Dedicated air-to-ground strike platforms like the Warthogs or the Russian SU-39s are now a necessity for a modern army. It stands to reason that sophisticated fighter aircraft designed for air defence and deep strategic strikes are too expensive to risk in close combat. For such fighters ground strikes are only a secondary role.
If attack helicopters are today considered the ‘fourth squadron’ of an armour-based combat group, the time has come for dedicated close air support assets to act as the ‘fifth squadron’ so that fleeting opportunities can be optimally exploited, particularly during offensive operations in the plains.
A blinding sand-storm slowed down the Coalition offensive and gave Iraqi fedayeen squads the cover they needed to close in with the US forces and fire rocket-propelled grenades from hand-held launchers. Just as the skies cleared and the offensive got under way again, a ‘tactical’ pause was imposed. It was more likely an administrative pause.
The leading spearheads that had bypassed urban centres on the main highways, had clearly outstripped their logistics supplies and run out of tank gun ammunition, fuel, oil and lubricants, water and rations. The old dictum that an army marches on its stomach had either been ignored by tacticians or the plans had been poorly conceived and did not cater for creating an artificial road axis along which supply vehicles could ply over the shifting sands.
Called a ‘centre line’ in military parlance, it is an artificial track laid by army engineers that can take sustained military traffic with limited maintenance effort. Such a route is also insulated against enemy action by selective picketing, stand-off patrolling and flank protection. All these measures were taken only after casualties were inflicted by fedayeen snipers. On this issue the Coalition forces could learn a lesson or two from the Indian army.
Special forces operatives had been inducted into the theatre well in advance and again performed their multifarious tasks commendably. In particular, they provided accurate information about Iraqi deployments and movements and directed air-to-ground strikes on the Republican Guards and other forces. Indian Special Forces should also be equipped, trained and employed behind enemy lines accordingly.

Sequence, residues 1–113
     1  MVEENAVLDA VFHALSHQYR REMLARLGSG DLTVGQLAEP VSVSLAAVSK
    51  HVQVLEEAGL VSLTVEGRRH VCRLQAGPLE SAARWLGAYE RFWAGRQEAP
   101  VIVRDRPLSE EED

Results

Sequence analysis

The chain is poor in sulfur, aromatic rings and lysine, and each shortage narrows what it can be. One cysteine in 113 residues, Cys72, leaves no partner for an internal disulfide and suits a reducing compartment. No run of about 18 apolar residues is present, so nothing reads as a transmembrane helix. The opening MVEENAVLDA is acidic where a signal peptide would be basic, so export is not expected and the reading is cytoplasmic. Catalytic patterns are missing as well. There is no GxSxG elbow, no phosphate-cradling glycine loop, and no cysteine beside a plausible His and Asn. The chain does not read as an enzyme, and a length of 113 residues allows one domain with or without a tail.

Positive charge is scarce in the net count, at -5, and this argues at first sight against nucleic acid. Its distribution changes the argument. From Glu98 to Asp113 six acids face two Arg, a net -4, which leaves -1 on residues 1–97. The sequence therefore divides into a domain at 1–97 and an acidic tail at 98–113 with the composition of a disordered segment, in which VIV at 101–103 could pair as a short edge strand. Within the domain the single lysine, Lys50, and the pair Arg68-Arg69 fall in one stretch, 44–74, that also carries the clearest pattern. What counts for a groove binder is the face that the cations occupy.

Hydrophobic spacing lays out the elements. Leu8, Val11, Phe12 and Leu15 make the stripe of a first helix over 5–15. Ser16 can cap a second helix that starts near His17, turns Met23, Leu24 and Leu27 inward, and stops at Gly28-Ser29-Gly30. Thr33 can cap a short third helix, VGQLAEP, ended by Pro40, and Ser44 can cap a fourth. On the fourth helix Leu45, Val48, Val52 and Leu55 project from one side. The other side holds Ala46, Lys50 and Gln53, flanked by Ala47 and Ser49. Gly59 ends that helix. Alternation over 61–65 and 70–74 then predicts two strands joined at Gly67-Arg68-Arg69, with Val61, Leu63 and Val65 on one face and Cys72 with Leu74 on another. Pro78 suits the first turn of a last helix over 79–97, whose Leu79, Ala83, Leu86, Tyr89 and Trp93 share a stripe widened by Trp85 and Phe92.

Psychological operations (psyops) are an important ingredient of America’s information warfare plans. Psyops played a role in subverting the minds of the Iraqi forces and were instrumental in impelling them to abandon their posts and equipment to flee or surrender. Information dominance provided coalition commanders with a major advantage over the Iraqis. Unarmed aerial vehicles (UAVs), spy satellites, specially equipped reconnaissance aircraft with thermal imager-fitted night vision sensors and a plethora of other opto-electronic surveillance devices, combined with humint resources, helped the intelligence staff to compile a fairly comprehensive picture of the Iraqis intentions, plans and manoeuvres.
Despite the Iraqis choosing to avoid major battles, the asymmetric domination of the airspace by the allies made Operation Iraqi Freedom by all yardsticks a military success. The abiding lesson of the war in Iraq is that, being capital intensive, modern military capabilities do not come cheap. However, these need to be invested in for a nation to leapfrog several jumps ahead of the enemy.